U. NOTTINGHAM (UK) — A new discovery could be a powerful tool for the diagnosis and monitoring of brain diseases like multiple sclerosis that have links to myelin loss.
The new study, published in the Proceedings of the National Academy of Science, reveals why images of the brain produced using the latest MRI techniques are so sensitive to the direction in which nerve fibers run.
The white matter of the brain is made up of billions of microscopic nerve fibers that pass information in the form of tiny electrical signals. To increase the speed at which these signals travel, each nerve fiber is encased by a sheath formed from a fatty substance, called myelin.
Previous studies have shown that the appearance of white matter in magnetic resonance images depends on the angle between the nerve fibers and the direction of the very strong magnetic field used in an MRI scanner.
Based on knowledge of the molecular structure of myelin, University of Nottingham physicists devised a new model in which the nerve fibers are represented as long thin hollow tubes with special (anisotropic) magnetic properties.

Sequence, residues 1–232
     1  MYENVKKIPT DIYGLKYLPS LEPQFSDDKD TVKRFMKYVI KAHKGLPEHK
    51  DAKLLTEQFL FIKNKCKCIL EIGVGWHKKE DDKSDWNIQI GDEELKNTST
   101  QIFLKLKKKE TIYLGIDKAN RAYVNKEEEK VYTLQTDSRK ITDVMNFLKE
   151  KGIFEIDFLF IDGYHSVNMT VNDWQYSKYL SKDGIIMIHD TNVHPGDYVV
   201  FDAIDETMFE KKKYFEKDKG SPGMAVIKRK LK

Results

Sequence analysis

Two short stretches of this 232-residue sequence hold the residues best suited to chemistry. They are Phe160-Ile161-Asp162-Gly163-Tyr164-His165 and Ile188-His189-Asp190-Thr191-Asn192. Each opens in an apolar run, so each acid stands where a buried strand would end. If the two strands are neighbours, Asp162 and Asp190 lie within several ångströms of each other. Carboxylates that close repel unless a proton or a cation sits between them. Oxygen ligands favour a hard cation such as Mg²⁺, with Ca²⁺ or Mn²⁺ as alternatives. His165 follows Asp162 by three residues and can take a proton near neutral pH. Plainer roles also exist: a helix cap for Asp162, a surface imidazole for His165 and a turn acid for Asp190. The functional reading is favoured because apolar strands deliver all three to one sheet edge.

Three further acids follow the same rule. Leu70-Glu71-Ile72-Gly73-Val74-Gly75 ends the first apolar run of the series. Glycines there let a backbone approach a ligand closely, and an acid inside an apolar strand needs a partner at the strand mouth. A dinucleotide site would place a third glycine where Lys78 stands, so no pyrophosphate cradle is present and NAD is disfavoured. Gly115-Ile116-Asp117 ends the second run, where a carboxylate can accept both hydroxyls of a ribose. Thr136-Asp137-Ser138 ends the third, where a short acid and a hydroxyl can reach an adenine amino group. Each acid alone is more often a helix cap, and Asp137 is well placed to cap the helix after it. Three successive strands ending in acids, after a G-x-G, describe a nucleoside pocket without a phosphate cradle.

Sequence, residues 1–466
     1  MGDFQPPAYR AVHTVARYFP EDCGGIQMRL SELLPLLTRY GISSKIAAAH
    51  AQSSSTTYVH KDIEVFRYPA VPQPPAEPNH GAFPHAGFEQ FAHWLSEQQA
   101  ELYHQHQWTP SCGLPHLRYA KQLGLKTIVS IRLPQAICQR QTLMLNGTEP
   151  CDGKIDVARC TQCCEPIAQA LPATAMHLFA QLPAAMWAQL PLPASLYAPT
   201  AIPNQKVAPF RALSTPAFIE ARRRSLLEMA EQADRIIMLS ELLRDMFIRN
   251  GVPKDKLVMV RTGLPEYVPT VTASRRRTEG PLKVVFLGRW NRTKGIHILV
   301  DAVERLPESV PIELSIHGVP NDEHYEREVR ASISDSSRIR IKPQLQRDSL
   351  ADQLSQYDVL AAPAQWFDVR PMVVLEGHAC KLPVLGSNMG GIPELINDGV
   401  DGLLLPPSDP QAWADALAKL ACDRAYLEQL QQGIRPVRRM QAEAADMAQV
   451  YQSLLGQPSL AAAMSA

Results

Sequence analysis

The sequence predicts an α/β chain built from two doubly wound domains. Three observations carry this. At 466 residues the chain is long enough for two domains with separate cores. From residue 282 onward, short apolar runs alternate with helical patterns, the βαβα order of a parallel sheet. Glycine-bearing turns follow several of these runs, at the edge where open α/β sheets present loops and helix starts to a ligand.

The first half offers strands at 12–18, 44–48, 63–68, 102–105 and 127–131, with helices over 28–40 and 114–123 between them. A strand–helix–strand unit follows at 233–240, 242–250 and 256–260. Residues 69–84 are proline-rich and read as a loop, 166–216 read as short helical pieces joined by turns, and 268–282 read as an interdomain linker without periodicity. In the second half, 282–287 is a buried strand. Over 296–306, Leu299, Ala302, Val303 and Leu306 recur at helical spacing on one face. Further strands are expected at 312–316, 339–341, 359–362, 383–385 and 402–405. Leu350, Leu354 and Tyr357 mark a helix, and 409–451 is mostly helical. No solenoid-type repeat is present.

This model explains the dependence of image contrast on fiber orientation in white matter and potentially allows information about the nerve fibers—such as their size and direction—to be inferred from magnetic resonance images.
Research Fellow Samuel Wharton says, “While most MRI-based research focuses on tissue measurements at the millimeter length scale, our experimental scans on healthy human volunteers and modeling of the myelin sheath shows that much more detailed microscopic information relating to the size and direction of nerve fibers can be generated using fairly simple imaging techniques.
“The results will give clinicians more context in which to recognize and identify lesions or abnormalities in the brain and will also help them to tailor different types of scan to a particular patient.”
Nikolaos Evangelou, a clinical associate professor who specializes in multiple sclerosis at the Nottingham University Hospitals Trust says: “This research opens new avenues of looking at the nerve fibers in the brain. The more we understand about the nerves and the myelin around them, the more successful we are in studying brain diseases, such as multiple sclerosis.
“The recent advances in our understanding and treatments of MS are based on basic, solid research such as the one presented by Dr Wharton and Bowtell.”
Source: University of Nottingham